CONTEXTUAL FORCES SHAPING CHRISTIAN EDUCATION IN SOUTH AMERICA
“Some fathers in our city take their sons at age 15 or 16 to a brothel to turn them into men” (teacher in Ecuador). Strong cultural forces and tremendous changes were putting pressure on churches in South America. The economic situation (average monthly wage in Venezuela, $150) placed great restrictions on churches, including: limiting leadership and educational facility development, restricting curriculum purchases, and limiting educational equipment purchases. In addition, in these countries where the public school systems were so poor, the majority of middle-class church parents worked hard to keep their children in private schools, even working two or more jobs.
One consequence was the strain on families. A teacher in an upper-middle class school in Ecuador reported that approximately 60 percent of the students had divorced parents. The parents each worked 10 to 12 hours a day, and over time lost all contact with each other. Even parents who stayed together had little time with their children, many of whom were home alone five to six hours a day. “Our children are growing up alone!” one group of Sunday school teachers lamented. In addition, the “machismo” male culture has not valued marital fidelity or commitment, leaving many women and children without husbands and fathers. The churches were facing an increasing divorce rate, the special needs of a growing number of single mothers and their children, and the imperative to strengthen families before they fall apart.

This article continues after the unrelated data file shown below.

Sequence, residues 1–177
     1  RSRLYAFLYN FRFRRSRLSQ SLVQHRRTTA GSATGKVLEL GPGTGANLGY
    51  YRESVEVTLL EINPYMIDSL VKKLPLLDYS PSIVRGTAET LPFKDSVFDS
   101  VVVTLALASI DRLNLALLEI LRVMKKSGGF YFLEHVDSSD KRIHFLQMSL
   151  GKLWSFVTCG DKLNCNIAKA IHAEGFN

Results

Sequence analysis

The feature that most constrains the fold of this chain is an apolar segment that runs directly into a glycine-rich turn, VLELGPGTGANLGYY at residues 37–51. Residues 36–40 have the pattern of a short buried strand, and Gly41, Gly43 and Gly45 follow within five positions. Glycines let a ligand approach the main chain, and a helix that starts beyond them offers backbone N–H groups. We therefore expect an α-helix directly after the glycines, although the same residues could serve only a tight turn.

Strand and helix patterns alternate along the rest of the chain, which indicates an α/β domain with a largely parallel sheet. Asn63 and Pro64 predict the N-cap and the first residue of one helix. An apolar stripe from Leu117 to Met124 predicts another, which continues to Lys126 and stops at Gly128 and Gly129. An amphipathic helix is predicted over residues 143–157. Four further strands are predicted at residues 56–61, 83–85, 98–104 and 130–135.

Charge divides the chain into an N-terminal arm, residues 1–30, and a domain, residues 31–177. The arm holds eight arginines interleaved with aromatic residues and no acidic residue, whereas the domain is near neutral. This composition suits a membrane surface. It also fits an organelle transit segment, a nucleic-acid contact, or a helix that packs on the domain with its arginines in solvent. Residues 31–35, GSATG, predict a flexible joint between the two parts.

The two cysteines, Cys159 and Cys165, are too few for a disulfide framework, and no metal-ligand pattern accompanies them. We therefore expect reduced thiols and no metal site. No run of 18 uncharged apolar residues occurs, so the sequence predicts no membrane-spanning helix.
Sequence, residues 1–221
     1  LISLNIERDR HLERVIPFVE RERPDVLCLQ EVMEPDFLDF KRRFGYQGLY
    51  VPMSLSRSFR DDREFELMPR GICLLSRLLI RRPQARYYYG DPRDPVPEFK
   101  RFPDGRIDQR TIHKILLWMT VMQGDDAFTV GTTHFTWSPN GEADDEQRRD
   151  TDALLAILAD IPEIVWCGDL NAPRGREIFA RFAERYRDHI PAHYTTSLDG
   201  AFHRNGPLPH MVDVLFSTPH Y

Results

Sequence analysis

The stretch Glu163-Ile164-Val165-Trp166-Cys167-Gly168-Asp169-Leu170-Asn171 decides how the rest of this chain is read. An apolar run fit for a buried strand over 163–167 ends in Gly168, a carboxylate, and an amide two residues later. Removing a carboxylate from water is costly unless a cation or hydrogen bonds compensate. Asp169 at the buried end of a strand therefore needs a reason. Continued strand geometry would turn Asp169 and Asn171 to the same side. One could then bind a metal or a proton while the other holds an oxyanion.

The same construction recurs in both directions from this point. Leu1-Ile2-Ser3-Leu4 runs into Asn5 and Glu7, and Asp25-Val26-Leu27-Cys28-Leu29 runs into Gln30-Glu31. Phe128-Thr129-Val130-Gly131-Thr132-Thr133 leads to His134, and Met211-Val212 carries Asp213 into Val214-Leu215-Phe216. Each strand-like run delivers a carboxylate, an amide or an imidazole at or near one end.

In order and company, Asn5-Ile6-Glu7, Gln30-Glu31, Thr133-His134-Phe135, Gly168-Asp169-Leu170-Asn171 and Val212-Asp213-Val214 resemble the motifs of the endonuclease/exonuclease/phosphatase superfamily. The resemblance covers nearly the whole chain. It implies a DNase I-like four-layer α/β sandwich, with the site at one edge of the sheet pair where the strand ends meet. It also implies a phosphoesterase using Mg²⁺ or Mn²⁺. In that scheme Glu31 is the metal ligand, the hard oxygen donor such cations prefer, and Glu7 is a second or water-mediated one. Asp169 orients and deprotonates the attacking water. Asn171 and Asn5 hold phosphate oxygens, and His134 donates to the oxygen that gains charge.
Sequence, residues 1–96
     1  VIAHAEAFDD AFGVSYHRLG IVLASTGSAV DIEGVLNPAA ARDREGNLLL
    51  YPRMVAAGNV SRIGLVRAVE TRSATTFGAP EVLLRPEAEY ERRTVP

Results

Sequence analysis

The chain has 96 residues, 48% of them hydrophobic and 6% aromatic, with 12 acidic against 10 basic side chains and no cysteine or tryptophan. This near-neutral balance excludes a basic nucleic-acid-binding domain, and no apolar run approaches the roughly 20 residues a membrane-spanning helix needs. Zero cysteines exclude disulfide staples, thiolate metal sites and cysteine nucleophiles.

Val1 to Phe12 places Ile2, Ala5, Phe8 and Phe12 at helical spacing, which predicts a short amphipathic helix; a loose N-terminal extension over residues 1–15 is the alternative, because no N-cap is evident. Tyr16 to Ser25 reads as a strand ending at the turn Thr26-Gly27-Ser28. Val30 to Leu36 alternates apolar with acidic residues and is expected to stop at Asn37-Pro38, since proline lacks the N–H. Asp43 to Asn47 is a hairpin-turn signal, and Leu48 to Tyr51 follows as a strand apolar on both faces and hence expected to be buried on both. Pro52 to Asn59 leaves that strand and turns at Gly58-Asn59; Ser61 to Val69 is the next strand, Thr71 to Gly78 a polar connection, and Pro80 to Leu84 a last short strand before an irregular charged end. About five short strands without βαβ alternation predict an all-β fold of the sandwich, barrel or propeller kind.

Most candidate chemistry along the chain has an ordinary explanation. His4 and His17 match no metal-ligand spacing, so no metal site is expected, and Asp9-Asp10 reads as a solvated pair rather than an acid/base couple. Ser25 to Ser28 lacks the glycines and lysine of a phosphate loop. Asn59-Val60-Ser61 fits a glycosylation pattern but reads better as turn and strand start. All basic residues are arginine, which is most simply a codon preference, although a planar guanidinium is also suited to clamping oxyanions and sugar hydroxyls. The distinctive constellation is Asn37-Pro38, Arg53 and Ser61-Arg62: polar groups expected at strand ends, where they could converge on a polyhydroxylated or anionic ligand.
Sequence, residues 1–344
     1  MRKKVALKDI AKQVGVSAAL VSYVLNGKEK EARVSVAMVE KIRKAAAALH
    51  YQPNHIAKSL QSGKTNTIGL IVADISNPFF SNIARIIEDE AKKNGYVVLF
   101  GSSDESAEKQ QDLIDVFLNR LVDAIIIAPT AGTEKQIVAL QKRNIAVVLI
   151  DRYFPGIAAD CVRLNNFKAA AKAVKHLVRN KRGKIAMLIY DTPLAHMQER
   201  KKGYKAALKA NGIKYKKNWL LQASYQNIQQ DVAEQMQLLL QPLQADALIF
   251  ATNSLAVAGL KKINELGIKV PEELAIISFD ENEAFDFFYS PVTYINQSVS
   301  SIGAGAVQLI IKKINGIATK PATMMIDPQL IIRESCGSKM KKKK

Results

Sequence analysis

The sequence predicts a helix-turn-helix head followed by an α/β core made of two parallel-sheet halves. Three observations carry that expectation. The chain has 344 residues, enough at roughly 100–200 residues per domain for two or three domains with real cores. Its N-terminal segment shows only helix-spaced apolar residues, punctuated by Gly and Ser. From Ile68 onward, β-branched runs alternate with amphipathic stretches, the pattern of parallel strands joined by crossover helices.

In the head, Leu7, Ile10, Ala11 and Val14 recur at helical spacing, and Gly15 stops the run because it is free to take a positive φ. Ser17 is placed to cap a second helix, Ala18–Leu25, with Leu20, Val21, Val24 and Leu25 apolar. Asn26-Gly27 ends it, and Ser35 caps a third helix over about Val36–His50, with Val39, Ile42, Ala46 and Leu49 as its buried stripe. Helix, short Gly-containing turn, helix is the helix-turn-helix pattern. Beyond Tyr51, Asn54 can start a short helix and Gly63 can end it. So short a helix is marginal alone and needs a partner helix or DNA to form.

Because most adult converts came from a Roman Catholic background with little or no Bible teaching, few church members had any experience with children’s and youth ministry oradult Bible study. This required constant teaching and modeling to help new converts appreciate the value of these ministries. At the same time, this lack of experience encouraged continued reliance on North American educational models.
In Peru, the C&MA national Christian education office estimated that 50 percent (in Lima) to 80 percent (in rural areas) of the children who grew up attending the church’s educational ministries left the Christian faith as adults. The church was struggling to provide educational ministries that adequately nurtured its children and youth.